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November 1, 1919


JAMA. 1919;73(18):1365-1366. doi:10.1001/jama.1919.02610440045019

Since Bang's discovery of a characteristic microorganism associated with so-called "contagious abortion" in cattle, it has become customary to attribute the disease to Bacillus abortus described by him. The assumption that this is the sole or even the predominant etiologic agent concerned with a malady that occasions enormous economic losses has diverted attention away from the microbial cause and toward prevention or cure. Aside from the indirect interest that bovine disease represents in relation to human welfare, and particularly when the milk supply is involved, the bacillus of contagious abortion in cattle has lately been discussed as a possible agent of more direct menace in childhood.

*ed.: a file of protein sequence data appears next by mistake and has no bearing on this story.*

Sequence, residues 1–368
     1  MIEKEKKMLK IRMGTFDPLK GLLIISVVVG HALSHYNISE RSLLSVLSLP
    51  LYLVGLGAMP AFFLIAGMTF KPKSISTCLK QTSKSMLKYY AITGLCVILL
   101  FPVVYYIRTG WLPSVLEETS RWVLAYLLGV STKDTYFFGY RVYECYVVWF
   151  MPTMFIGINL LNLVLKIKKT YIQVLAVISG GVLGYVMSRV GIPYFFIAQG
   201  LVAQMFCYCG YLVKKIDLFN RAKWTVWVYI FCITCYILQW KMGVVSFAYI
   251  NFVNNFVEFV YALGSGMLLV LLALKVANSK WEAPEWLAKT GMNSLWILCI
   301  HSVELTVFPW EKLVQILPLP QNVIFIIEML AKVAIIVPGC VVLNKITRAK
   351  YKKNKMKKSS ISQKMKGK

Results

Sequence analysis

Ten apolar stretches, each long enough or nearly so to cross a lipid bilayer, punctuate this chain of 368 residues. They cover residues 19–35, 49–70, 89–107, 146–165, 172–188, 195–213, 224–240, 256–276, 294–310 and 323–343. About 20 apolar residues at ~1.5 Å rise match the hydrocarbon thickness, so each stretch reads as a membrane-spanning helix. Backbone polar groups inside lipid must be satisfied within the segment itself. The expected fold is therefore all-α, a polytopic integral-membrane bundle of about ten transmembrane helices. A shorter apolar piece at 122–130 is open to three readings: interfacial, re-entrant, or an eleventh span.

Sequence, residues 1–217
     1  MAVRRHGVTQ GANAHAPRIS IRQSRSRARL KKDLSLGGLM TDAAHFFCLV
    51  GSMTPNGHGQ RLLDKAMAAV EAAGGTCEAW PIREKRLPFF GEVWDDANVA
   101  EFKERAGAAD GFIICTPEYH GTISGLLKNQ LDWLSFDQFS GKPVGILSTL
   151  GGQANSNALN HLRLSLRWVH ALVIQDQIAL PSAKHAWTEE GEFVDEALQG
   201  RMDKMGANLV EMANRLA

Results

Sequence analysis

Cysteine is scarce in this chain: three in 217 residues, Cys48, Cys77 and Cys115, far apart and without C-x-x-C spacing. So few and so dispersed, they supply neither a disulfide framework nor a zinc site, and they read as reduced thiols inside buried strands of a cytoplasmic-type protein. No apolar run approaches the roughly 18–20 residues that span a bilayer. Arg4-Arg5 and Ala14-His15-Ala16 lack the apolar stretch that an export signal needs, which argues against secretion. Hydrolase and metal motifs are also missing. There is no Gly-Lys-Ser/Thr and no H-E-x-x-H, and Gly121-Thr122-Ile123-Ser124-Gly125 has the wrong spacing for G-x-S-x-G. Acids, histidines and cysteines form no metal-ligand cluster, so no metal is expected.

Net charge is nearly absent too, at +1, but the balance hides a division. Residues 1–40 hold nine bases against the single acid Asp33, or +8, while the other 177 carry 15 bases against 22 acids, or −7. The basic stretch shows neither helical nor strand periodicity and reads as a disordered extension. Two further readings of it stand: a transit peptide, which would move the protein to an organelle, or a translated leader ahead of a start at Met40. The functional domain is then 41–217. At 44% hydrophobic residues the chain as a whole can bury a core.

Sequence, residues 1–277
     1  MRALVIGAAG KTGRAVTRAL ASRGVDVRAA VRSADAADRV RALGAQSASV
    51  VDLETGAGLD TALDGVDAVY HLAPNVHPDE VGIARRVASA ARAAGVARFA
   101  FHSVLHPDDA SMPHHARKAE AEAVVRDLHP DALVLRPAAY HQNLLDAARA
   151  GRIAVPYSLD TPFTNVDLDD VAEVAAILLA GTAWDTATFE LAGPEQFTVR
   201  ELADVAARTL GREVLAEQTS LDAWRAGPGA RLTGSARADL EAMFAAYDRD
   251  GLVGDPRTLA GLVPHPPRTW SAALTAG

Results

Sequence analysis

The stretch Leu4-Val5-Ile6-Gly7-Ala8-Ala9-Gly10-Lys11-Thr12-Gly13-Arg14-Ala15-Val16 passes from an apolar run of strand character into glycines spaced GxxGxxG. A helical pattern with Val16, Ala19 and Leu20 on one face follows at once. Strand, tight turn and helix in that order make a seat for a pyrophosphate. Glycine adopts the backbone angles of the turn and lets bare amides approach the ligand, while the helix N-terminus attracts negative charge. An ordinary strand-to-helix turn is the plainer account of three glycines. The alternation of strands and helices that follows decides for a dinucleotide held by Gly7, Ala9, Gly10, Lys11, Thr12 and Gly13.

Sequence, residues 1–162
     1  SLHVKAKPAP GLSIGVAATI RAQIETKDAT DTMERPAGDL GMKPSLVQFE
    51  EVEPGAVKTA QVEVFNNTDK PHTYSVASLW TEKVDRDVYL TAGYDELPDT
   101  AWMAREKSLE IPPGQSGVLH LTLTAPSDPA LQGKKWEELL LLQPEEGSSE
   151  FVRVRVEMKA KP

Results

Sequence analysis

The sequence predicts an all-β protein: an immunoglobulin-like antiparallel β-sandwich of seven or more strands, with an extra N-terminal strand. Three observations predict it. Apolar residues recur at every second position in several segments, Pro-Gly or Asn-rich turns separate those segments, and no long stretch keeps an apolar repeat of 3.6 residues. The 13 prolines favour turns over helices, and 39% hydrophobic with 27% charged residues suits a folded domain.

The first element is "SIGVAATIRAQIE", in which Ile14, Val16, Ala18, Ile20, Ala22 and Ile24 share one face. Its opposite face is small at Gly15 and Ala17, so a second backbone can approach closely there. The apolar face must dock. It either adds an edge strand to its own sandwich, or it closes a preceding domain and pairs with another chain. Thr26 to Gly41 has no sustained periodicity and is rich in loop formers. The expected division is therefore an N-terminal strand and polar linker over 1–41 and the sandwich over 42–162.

The newer studies at the Department of Animal Pathology of the Rockefeller Institute for Medical Research, Princeton, N. J., under the leadership of Theobald Smith,1 bring unexpected evidence that contagious abortion may involve something more than Bang's bacillus. They include the discovery of

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